Exasperated with US restrictions on embryonic stem cell research, one of the leading experts in the field, Douglas Melton, of Harvard University, and his colleagues have created 17 stem cell lines which they plan to give away to other laboratories. Melton says that the 17 lines were created with private funding from 344 IVF embryos which had developed for 3 to 5 days. He has also written a “cookbook” to help other scientists use his stem cells and create more lines.
In recent weeks restrictions imposed by President Bust, which allow federal funding only for stem cell lines approved before 9 August 2001, have become increasingly irritating. American scientists winced when South Koreans announced that they had cloned human embryos and created stem cell lines. “Federally funded scientists have to drive Model T’s, while Korean scientists get to drive around in the newest Porsche,” said Dr George Q. Daley, a Harvard researcher.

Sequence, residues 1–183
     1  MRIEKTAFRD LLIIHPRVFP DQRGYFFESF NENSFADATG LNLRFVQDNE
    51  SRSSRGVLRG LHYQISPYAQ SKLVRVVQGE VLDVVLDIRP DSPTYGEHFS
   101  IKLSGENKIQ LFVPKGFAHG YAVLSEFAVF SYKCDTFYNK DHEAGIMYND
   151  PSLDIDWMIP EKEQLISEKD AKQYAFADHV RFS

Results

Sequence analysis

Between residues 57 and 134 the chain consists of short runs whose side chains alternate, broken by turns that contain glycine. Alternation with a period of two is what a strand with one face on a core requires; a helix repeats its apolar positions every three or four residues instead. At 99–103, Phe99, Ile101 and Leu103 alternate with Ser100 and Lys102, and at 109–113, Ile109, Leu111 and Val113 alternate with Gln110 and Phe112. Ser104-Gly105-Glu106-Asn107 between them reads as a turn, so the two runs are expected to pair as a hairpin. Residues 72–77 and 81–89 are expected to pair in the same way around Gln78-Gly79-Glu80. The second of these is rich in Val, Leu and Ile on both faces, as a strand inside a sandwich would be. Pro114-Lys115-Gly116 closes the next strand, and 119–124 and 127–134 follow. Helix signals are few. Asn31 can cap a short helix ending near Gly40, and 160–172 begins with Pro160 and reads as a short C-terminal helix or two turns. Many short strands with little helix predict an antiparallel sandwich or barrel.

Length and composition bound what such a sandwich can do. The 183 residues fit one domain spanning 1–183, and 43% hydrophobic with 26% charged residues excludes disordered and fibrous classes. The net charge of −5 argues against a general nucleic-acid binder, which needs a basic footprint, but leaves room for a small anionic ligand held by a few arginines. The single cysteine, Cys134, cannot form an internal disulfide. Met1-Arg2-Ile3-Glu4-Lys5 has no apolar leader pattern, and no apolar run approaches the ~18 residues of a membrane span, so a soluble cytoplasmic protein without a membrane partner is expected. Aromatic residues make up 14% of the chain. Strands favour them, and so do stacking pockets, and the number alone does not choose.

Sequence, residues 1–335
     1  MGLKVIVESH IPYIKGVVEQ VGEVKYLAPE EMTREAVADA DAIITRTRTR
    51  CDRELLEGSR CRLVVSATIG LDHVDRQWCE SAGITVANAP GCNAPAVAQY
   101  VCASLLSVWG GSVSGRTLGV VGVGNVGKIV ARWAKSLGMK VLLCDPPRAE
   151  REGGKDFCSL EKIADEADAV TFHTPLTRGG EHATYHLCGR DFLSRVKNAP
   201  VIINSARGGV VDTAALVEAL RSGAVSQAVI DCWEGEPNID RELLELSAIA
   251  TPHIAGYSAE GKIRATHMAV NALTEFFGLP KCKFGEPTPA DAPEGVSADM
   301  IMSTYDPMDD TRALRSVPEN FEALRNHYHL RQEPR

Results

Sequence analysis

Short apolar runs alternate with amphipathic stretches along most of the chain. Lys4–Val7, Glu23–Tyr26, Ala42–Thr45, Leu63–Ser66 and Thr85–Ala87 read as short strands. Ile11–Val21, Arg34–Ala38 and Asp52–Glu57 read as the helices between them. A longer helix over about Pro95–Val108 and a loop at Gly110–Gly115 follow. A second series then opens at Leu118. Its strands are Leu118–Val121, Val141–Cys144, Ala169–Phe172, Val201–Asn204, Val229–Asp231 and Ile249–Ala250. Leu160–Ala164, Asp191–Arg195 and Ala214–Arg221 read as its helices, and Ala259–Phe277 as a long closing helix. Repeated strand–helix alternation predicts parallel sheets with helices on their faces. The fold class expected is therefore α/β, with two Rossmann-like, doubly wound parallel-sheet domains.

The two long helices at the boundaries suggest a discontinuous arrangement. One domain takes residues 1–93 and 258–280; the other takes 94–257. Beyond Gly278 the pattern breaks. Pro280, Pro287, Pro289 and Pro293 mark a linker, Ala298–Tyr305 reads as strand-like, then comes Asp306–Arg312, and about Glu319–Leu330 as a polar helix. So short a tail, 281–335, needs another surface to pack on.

Furthermore, many of the 78 eligible stem cell lines are said to be unavailable. The National Institutes of Health says that 16 of them have failed to develop, several have developed genetic abnormalities and others are not being released by overseas laboratories. The figure of 78 appears to have shrunk to 23 — infuriating stem cell scientists and their supporters who still hope that embryonic stem cells will deliver silver bullets for diabetes, Parkinson’s disease and other chronic debilitating ailments.
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